The team then used that data to create a digital twin of the Loop, including underground structures like the Millennium Garages — the largest underground parking system in North America, comprising four facilities that span 3.8 million square feet — to simulate ground temperature rise and its impact on ground deformation from the year 1951, when the area’s subway tunnels were completed, to 2051.
According to the model, ground temperatures increased at an estimated average rate of 0.49C (less than 1F) for the first 50 years of that period. They are currently warming, and are projected to continue to warm, at an annual average rate of 0.14C (about 0.25F). The decline in the rate of warming seems to be linked to the science of thermal conductivity — the ground can absorb only so much heat before temperatures begin to level off. Yet these fluctuations have caused soil layers in the ground to settle and heave, sometimes by more than 10 millimeters.
That figure may not seem like much, but “construction materials, soil, and rocks are very sensitive to temperature variations,” said Rotta Loria. “And in civil engineering, displacements on the order of inches or tens of millimeters can be problematic for the performance of city infrastructure.”
In an extreme case of how ground movement can damage surface structures, consider the Auditorium Building, one of many edifices built atop Chicago’s swampy soil in the late 19th century. Despite efforts by its engineers, the theater venue sunk more than 18 inches in its first year. Different parts of the buildings settled to different levels, “leaving it with uneven floors that can make visitors feel drunk as they navigate,” as one magazine described it. Cracks also formed along its concrete floors.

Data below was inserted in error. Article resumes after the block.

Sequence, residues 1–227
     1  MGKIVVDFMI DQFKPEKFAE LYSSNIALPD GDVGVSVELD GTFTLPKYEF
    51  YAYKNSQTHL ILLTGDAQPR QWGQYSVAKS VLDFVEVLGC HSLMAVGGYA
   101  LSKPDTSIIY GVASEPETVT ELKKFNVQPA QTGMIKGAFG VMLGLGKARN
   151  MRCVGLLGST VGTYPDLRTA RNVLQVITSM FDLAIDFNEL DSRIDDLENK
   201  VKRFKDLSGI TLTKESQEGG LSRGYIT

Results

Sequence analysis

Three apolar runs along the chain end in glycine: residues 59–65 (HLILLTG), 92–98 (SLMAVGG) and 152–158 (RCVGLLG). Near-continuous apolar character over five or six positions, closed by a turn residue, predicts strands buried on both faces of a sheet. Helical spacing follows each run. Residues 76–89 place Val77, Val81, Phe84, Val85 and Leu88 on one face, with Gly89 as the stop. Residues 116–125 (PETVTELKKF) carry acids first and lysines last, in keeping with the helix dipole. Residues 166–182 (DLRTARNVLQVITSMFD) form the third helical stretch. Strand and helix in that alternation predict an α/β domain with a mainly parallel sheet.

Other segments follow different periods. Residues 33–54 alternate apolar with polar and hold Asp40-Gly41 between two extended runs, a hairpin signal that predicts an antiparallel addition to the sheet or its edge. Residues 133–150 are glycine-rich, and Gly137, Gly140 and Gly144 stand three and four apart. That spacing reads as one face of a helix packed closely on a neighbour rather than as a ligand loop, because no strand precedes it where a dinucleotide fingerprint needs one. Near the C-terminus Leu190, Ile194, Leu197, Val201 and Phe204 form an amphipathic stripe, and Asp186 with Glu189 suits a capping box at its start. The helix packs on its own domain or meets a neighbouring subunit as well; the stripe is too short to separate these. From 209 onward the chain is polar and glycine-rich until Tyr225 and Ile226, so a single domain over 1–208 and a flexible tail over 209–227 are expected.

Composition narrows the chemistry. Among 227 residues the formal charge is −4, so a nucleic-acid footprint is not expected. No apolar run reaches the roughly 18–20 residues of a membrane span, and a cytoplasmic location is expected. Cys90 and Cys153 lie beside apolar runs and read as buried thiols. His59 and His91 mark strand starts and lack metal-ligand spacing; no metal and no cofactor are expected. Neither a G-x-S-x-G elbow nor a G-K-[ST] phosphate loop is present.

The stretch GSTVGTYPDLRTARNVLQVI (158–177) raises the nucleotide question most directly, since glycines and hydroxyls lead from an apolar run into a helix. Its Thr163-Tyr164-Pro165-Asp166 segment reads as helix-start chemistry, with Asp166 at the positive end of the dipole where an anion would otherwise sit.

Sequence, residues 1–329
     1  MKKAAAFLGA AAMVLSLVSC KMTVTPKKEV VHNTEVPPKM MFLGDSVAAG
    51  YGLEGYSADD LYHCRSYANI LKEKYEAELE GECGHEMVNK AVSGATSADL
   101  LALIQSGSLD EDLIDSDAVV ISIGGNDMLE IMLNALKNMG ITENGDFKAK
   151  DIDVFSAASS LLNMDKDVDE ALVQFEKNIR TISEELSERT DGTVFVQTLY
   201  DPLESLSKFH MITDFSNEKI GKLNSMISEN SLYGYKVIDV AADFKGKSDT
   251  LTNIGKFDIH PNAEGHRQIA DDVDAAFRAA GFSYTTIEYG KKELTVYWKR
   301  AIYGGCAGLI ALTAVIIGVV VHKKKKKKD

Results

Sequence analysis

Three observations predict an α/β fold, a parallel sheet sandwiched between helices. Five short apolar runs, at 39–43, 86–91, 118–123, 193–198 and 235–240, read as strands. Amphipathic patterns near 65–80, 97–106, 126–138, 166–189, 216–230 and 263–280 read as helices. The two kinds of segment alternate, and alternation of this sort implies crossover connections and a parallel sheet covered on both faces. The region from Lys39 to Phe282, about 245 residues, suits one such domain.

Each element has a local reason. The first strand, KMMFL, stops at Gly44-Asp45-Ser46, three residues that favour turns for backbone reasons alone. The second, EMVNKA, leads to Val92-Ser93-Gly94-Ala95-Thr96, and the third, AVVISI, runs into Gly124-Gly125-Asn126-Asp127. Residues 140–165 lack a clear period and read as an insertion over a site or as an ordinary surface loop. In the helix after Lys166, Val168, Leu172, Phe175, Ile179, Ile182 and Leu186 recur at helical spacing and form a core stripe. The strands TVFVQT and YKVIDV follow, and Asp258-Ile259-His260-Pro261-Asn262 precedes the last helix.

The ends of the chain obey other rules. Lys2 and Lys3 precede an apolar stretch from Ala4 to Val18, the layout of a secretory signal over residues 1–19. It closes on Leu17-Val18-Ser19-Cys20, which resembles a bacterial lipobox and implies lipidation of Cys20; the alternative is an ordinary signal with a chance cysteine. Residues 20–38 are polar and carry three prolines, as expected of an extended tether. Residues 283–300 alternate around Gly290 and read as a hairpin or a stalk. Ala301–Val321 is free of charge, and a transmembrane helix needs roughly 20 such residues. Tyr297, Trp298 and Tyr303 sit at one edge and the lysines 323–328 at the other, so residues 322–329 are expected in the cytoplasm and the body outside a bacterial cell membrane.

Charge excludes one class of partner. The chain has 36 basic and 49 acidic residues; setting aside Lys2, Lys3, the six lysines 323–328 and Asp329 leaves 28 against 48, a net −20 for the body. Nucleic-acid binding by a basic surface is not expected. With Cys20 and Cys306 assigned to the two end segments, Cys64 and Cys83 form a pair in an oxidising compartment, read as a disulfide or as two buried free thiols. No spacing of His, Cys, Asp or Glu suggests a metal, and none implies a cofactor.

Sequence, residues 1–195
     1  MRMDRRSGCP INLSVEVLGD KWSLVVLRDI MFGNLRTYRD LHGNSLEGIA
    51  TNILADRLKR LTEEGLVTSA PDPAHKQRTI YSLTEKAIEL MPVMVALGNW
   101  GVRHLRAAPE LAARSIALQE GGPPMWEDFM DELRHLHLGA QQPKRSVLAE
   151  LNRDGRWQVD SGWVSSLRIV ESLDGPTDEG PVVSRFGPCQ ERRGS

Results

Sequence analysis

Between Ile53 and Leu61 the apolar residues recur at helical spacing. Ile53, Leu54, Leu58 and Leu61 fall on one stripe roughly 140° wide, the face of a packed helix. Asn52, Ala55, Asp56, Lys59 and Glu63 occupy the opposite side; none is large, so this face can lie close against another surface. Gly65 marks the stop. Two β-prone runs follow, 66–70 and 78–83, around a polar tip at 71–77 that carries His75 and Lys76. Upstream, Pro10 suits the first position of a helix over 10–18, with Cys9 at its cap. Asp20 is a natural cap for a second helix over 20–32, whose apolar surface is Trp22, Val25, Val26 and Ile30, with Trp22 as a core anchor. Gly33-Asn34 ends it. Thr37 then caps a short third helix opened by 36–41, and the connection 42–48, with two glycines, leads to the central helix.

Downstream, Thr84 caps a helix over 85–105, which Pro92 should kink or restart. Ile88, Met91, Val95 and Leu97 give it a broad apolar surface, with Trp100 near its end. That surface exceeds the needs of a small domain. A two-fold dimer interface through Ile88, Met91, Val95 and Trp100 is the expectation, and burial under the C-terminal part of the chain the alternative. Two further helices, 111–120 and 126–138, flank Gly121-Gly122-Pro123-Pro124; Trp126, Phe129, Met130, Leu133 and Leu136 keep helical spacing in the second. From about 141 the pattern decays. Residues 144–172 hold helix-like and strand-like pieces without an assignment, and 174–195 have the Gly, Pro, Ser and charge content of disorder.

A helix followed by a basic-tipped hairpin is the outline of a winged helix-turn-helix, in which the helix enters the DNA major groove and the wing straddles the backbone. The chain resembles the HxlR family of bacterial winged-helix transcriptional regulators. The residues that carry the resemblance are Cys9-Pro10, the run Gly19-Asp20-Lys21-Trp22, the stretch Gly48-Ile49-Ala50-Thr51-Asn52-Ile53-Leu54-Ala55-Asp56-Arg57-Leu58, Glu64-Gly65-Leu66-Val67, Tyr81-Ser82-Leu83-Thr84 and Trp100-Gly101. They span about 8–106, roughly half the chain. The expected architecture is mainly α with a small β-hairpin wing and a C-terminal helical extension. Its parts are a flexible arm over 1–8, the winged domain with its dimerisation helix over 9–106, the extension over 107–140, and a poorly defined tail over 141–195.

The story of the Auditorium Building isn’t linked to underground climate change, but the study makes clear that warming the ground can cause deformations. Rotta Loria said even small cracks in building foundations and retaining structures can affect their function. Older cities are more likely to be affected, he added, as they tend to have older buildings with poorer insulation and more outdated materials and construction.
Rotta Loria plans to continue exploring the issue, looking at which kinds of infrastructure are particularly susceptible to rising ground temperatures. Eventually he hopes to create a tool that other cities can use to monitor their own underground heat island effects.
The good news, he said, is that there are ways to mitigate the effect, including better insulation for underground structures. Another way is to harness and recycle the heat waste into geothermal energy to power the very structures pumping heat out.
“It's a big opportunity from the perspective of urban planning, especially right now with all the attention on energy efficiency in buildings and renewable energy harvesting,” he said. “We can turn a potential problem into an opportunity.”